This sums it up: Leafs goaltender James Reimer laid face-down on the ice for minutes after Patrice Bergeron scored for the Bruins in overtime — capping an amazing comeback after Toronto held a 4-1 lead in the third period. (Photo: Charles Krupa/The Associated Press)
An Ontario lawyer is now the proud owner of a toilet from the Toronto Maple Leafs’ former dressing room.
Jim Vigmond, of Barrie, Ont., bought the unusual item for $5,300 at auction after the piece he really wanted — the 1967 Stanley Cup banner — got too expensive.
The toilet was offered up along with more than 100 items from Maple Leaf Gardens, which was home to the NHL team until 1999.
Vigmond plans on putting the toilet in his sports memorabilia room, where he wants to sit on it, light up a Cuban cigar, open a bottle of 30-year-old single malt, and hopefully, watch a Leafs game sometime soon.
Toronto Maple Leafs general manager Brian Burke marches in the city’s Pride parade on July 1 with his son Patrick and comedian Rick Mercer.
Burke’s son Brendan died in a car accident in February 2010. Two months before he died, he told the world he was gay. Burke had promised to march with him in the Pride parade that year, and he kept his promise.
“We have fallen short of everyone’s expectations, and for that we are sorry,” the letter reads. “We take full responsibility for how this team performs on the ice, and we make no excuses. The way the year ended was unacceptable. Results are the only measure of success in sports and the results speak for themselves.”
Same old song Bruce Arthur: The last time the Toronto Maple Leafs won a game in the sterile and lucrative confines of the Air Canada Centre it vaulted them to seventh in the Eastern Conference, four points behind the fourth-place Philadelphia Flyers, who were coming to Toronto a few days later. “You have to go through a hard time to realize what it takes to win,” said Leafs goaltender James Reimer that night, presuming the hard times were behind them. Well, we all make mistakes.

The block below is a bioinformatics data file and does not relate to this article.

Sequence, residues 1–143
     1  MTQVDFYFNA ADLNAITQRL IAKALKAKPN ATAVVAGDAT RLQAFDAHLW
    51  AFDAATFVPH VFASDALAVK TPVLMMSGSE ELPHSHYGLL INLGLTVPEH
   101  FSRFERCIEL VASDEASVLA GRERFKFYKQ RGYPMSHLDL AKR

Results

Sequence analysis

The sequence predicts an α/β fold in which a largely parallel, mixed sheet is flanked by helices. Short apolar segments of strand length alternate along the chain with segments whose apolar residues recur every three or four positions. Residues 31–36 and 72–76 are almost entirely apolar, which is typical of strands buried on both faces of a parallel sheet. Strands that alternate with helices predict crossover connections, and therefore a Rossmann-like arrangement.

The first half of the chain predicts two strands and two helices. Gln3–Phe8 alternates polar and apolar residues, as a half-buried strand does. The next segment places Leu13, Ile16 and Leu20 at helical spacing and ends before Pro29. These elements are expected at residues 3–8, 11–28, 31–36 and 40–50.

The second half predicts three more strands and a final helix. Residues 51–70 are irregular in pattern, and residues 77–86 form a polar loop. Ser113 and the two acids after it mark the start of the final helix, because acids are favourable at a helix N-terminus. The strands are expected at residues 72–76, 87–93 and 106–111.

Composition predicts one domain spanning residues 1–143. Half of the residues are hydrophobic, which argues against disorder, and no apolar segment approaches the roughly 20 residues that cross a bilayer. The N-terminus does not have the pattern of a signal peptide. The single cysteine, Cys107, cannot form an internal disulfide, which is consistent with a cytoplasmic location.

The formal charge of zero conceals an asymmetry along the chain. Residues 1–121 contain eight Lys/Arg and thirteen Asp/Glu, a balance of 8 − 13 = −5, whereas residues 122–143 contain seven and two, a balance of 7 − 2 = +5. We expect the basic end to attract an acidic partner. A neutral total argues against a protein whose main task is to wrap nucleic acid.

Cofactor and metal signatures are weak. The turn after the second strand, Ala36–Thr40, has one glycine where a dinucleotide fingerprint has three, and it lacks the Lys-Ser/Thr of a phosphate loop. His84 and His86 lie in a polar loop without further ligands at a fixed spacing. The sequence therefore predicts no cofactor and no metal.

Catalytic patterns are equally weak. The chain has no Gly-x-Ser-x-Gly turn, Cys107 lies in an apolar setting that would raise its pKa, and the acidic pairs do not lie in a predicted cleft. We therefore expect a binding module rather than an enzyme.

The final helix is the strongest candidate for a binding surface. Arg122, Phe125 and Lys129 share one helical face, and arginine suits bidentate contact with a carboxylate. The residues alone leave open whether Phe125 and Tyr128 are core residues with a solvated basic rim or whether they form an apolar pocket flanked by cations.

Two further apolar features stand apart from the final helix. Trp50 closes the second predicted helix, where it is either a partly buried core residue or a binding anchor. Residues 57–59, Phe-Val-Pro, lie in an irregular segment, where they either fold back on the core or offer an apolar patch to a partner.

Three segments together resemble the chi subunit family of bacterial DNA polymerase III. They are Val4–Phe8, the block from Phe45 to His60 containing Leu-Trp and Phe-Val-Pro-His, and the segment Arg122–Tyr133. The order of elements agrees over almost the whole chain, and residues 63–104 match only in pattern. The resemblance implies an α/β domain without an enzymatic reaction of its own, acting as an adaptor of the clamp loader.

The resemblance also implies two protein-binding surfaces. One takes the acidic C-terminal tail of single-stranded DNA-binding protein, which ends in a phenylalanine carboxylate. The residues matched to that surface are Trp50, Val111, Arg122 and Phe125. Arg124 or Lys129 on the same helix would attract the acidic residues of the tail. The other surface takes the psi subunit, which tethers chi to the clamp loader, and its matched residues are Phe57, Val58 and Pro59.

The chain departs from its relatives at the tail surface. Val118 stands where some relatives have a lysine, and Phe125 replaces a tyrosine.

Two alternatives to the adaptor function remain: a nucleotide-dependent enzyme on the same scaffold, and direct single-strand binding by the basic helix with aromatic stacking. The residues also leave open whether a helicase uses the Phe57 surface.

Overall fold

That was 43 days before Tuesday night’s 5-2 loss at home to the New York Islanders, which came one day after Boston dug the Leafs a new sub-basement with an 8-0 thrashing. The Leafs managed 13 shots on Monday. They managed 14 shots on Tuesday. The past two games, the lights have gone out. Photo: Mike Cassese/Reuters
Experts contacted by Loblaws and Ryerson University for insight were unable to explain why the elephant was there.
The small carved trinket, made with fragments of blue ribbon, was among a dozen items — including hockey rule books and newspapers that look aged but remain legible — in the time capsule unveiled on Thursday in the engineering building at Ryerson.
To solve the elephant mystery, the public is being asked to suggest why it might have been included in the handmade copper box. The box itself is 30 centimetres by 20 cm by 20 cm and its inner lid is engraved with a name, address and date: M.B.Campbell, 124 Lindsay Ave, 9/21/31. Photos: Aaron Lynett/National Post; MLG exterior: Peter J. Thompson/National Post
Toronto Maple Leafs general manager Brian Burke was honoured by PLFAG Canada (Parents, Families and Friends of Lesbians and Gays) with the “Ally Award” on Monday. Here is part of his speech via MapleLeafs.com (Photo: Mark Blinch/Reuters):
I believe that the PFLAG “Ally Award” has great significance, and I was flattered to accept it on Monday night on behalf of the Burke family. But I hope the day comes, and soon, when this award is retired as obsolete.
A parent’s unconditional love and acceptance of their child is unremarkable, and should be automatic. It deserves no accolades or praise. Make no mistake, the hero here was Brendan. What Brendan did took courage. Coming out in arguably the most macho of the professional sports. Now that was worthy of an award.
Most walls in society have been breached or levelled over time. But not this one – professional sports in North America has no gay presence. And certainly the NHL does not. These walls have not been breached, have not been levelled. Bias, suspicion and prejudice still prevail. Our goal has to be to continue to level these barriers.
Great progress has been made. But much hard work still lies ahead. Gradual change has been interspersed with radical statements and positions. Brendan’s lot as a gay man in general was far better than it would have been in 1980. But the process must continue. Today, we are talking about battling ignorance, fear and bias. And I am going to ask everybody to agree to take three steps going forward – and to eliminate homophobia.
Why am I receiving this award? Because my son was gay. And I lost him in a car accident on February 5, 2010. Brendan came out in a very public way shortly before we lost him. He changed lives, and he has inspired me to do the same.